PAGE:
LUCAS OIL STADIUM 

In the entry hall a huge football head caught our attention. A very nice lady introduced herself as our tour guide. First of all, she showed us the first floor where all the food stores are and also a wall full of football helmets which represents all of Indiana's highschool teams. After that an elevator took us upstairs to the quaterback suite. It was a big luxurious area with a bar, an own food place, many tables and of course leather seats exactly on the opposite of the skyline of Indianapolis. From this place you have the best view of the stadium.
The next stop was the part where all journalist and commentators have their seats. There were many TVs and a long table with many chairs from where you had a good side view of the field. Afterwards we went to the highest level with the big glass wall which you can open on very sunny and warm days. Also the roof is going to be open when there is a football game. Then went back to the ground level to walk over the field which was very impressive because I felt so small as I stood on the field and looked up high. The last stops were the Colts changing room, a training room and a press room for interviews.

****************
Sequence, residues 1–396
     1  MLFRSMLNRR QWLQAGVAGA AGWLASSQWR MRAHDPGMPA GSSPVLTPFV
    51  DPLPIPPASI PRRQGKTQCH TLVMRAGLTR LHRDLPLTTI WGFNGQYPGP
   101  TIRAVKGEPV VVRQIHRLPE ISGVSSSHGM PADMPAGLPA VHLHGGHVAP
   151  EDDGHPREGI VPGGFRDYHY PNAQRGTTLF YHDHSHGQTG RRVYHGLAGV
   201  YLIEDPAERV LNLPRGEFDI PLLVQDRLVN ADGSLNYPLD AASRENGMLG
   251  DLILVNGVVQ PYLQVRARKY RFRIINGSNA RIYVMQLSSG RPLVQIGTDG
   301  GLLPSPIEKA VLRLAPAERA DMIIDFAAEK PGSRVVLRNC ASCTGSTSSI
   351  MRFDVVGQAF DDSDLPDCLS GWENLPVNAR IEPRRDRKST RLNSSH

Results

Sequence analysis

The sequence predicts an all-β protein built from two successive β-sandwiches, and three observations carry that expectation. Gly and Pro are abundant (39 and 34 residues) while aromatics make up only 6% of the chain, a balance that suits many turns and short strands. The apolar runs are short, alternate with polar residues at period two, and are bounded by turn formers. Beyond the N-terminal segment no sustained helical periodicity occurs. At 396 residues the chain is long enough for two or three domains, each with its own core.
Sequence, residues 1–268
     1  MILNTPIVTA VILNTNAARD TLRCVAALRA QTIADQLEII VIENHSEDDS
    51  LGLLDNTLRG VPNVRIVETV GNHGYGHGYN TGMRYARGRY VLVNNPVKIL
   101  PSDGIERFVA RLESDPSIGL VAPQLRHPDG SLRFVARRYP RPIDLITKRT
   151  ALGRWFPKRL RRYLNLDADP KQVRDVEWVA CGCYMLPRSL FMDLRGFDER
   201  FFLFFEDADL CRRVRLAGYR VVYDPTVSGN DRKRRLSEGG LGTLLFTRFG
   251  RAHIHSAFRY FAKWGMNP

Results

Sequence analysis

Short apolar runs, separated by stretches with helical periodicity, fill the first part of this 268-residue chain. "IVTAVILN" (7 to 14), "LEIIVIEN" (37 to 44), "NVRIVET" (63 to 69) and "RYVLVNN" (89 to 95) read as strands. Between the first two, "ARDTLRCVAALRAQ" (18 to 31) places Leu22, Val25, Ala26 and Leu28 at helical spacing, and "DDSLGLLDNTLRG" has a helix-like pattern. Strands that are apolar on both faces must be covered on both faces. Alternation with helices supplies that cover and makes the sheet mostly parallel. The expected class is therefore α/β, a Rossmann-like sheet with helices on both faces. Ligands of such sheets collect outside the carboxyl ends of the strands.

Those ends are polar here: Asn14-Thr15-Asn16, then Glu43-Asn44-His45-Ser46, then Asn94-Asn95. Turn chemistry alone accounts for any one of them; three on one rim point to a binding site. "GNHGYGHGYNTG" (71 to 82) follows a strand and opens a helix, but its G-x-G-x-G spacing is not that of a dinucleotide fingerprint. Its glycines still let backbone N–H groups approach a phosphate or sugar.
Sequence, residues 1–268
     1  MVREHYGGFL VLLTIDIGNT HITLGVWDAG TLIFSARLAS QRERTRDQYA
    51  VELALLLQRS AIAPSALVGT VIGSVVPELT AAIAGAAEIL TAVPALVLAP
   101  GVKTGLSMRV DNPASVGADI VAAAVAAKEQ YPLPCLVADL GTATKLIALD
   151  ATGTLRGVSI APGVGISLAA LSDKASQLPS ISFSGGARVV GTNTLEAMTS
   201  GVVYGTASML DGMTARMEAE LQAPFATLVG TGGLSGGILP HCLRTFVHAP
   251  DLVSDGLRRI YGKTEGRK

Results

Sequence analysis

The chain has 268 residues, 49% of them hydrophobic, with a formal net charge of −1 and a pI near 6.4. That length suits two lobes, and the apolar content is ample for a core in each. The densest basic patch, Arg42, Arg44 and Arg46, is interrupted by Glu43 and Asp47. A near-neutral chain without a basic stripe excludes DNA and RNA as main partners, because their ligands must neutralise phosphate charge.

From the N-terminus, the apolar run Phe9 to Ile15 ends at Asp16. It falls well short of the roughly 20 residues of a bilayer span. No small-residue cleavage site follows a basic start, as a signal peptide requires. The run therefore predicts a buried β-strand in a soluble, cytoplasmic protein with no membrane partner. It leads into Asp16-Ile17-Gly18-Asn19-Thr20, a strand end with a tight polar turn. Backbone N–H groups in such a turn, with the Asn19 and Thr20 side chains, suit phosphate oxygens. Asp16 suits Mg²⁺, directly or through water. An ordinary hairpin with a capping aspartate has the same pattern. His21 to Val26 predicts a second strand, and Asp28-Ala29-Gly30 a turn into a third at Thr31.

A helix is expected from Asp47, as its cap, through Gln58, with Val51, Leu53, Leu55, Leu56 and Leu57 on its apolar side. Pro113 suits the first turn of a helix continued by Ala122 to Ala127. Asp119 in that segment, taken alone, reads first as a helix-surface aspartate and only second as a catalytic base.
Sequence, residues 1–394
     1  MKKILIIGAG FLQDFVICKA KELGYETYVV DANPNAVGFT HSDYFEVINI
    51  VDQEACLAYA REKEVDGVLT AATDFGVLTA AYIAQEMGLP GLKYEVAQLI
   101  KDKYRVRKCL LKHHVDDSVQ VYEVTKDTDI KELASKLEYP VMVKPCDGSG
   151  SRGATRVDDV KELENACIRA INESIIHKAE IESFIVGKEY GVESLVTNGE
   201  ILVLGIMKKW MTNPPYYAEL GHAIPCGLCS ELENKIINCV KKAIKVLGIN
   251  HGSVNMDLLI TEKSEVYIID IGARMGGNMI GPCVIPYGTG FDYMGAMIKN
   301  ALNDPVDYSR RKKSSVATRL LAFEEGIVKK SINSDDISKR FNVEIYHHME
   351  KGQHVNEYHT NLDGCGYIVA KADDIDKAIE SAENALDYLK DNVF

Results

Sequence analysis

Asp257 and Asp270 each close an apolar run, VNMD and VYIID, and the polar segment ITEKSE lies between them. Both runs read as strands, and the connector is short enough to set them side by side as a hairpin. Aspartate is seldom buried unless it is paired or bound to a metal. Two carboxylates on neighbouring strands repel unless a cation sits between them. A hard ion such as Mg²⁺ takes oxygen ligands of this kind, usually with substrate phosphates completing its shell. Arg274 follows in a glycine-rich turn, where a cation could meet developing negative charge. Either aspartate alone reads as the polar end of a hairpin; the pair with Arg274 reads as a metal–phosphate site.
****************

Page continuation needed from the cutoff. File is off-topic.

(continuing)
The changing room was very big and luxurious and the Colts just use it when they have a game because they train l little bit outside of Indiana and not in the stadium. Next to this was a little training room with massage daybeds and a part with ice tubs for treating injuries. In the last room we visited were many seats and a little stage for interviews and we had a lot of fun when some students of our group stood up there and pretended to give an interview.
The tour ended after 2 hours instead of 1. Our nice tourguide made the tour very interesting and answered many questions. She told us that the stadium was opened in August 2008 and has space for 68 000 visitors. Also a very interesting fact was that if a Colt game isn't sold out they will not broadcast it on TV. I guess the Lucas Oil stadium was really the highlight of the day especially because no GAPP group ever got the chance to visit it before.

Ann-Elen Krüger